For example, the absolute decadence of deep fried mac ’n cheese (smoked Stanford and Cheddar) topped with pulled smoked short rib and finished with pickled mustard seeds and Parmesan velouté.
The tiny menu represents a family style sharing approach to dining, said manager Dimitri Hadzigrigoriou, who joined Van Dyk from their previous place of employment. “Jess and myself grew up that way, me being half Greek with everything in the middle of the table and Jess too – whenever they went to a restaurant they’d order two or three dishes and share, before it was trendy.”
There are 12 dishes including dessert, mine being a choux bun the size of a cricket ball when I was expecting a pool ball at the most (not a swimming pool, the other kind) with caramelised white chocolate and strawberries, and yet it had to be considered at the beginning of the meal. Van Dyk is always generous with her food and even though I didn’t order it, she sent out the potato roosterkoek with whipped butters – chicken curry flavoured, and beurre noisette. Look, I can tell you how freaking awesome that brown butter was, but you really should taste it for yourself.
The smoked springbok with duck liver parfait, onion marmalade, beetroot and hazelnuts is one of Van Dyk’s favourite dishes, and vegetarians will love the chipotle roasted mushrooms with white bean hummus, broccoli and almonds. Five to seven dishes to share between two normal people is going to be more than ample.
“I like food to be food – hearty, that kind of thing. That’s what food is to me; a sense of family and a sense of home. I just want to make people happy by giving them good, beautiful, delicious food,” said Van Dyk.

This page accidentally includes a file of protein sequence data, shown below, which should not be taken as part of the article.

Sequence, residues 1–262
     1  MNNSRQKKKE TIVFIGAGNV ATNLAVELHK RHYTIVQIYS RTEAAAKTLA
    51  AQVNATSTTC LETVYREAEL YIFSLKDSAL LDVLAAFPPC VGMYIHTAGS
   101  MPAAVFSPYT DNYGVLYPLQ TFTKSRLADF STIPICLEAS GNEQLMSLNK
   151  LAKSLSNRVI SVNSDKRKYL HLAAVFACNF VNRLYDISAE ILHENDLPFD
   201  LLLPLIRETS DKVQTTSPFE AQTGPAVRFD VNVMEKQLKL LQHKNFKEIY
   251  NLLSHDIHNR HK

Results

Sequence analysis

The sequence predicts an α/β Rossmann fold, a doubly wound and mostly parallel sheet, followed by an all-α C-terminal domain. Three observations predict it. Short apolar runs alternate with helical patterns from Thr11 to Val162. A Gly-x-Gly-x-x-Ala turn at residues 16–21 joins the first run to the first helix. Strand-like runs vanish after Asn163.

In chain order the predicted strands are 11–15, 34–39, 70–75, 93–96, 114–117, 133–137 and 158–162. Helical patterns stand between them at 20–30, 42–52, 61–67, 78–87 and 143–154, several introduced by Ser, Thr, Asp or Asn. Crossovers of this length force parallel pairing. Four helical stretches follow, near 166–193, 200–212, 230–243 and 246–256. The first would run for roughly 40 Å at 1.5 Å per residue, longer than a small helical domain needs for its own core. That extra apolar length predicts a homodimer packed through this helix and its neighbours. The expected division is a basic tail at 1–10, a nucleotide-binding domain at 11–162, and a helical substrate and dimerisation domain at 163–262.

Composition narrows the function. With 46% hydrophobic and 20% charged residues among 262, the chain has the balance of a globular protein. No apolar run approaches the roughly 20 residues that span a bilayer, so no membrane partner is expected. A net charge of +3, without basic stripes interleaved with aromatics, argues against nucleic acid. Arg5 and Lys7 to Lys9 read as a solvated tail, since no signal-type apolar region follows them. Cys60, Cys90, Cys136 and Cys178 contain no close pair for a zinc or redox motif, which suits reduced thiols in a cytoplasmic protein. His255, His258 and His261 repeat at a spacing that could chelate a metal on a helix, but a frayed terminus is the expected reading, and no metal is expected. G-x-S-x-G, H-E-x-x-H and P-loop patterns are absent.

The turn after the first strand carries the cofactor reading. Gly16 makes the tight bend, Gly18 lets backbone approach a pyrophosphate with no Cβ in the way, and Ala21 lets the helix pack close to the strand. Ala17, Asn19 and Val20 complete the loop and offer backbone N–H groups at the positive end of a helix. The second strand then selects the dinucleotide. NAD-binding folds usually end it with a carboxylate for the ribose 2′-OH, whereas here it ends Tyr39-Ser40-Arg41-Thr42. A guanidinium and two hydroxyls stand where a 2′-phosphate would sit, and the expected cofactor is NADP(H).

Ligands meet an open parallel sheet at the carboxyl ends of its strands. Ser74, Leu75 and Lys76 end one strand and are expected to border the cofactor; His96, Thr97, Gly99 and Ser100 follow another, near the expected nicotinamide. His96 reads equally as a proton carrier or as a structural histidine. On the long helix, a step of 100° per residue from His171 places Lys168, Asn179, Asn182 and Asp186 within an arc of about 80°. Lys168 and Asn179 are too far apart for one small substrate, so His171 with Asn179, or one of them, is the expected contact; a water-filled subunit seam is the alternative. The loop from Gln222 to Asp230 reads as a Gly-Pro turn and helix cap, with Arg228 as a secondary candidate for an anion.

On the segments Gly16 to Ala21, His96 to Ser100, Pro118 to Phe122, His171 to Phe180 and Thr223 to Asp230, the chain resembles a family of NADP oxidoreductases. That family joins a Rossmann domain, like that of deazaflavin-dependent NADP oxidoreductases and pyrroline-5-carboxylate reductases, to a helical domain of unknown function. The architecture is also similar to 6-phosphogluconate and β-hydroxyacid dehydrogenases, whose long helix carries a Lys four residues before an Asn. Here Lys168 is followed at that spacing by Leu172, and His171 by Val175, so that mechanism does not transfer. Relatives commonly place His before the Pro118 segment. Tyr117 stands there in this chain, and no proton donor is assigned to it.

For more information on Post & Pepper, click here.
My next stop was Rykaart’s on the corner of Bird and Dorp streets, which opened in November 2021. It’s owned and run by Alex and Ella Rykaart; he’s the chef, she is front of house in the evenings (holding down a day job at Postcard Café at Stark-Condé wines in Jonkershoek).
The small 40-seater restaurant has a glass front which lets in all the light, and Alex can see every table from the pass. “The best thing that’s happening is the local support. It’s incredible,” he said. “Last night out of 34 diners, 32 were local.”
That local support comes too from Stellenbosch chefs like Bertus Basson, George Jardine and Jess van Dyk. We’re always told to choose Chinese restaurants where Chinese people eat, for example, so why not apply this to a Stellenbosch restaurant? Eat where chefs eat.
From Pretoria and a false start in medicine, Alex got into cheffing when he was 24. He’s worked at Bread & Wine with Neil Jewell, Le Quartier Francais with Margot Janse, Burrata and Open Door with Neil Grant, and Glenelly’s The Vine Bistro with Christophe Dehosse. Along with a stint at three-Michelin starred Manresa, in Los Gatos, California, it’s safe to say the man knows his way around a kitchen. Then Alex reached a ceiling. “When I’m 50 do I still want to be working for a boss? Absolutely not,” he said. At this point, the other option is start your own business. He hemmed and hawed, until Ella said “stop it. You’re going to start your own place and I’m going to do it with you”. She keeps me sane, said Alex.
“We did the place on a tight budget, the whole point being we wanted to make it feel like a home away from home.” All the art is from Ella’s mom, Arabella Caccia; there is furniture from their home, and they painted all their chairs themselves.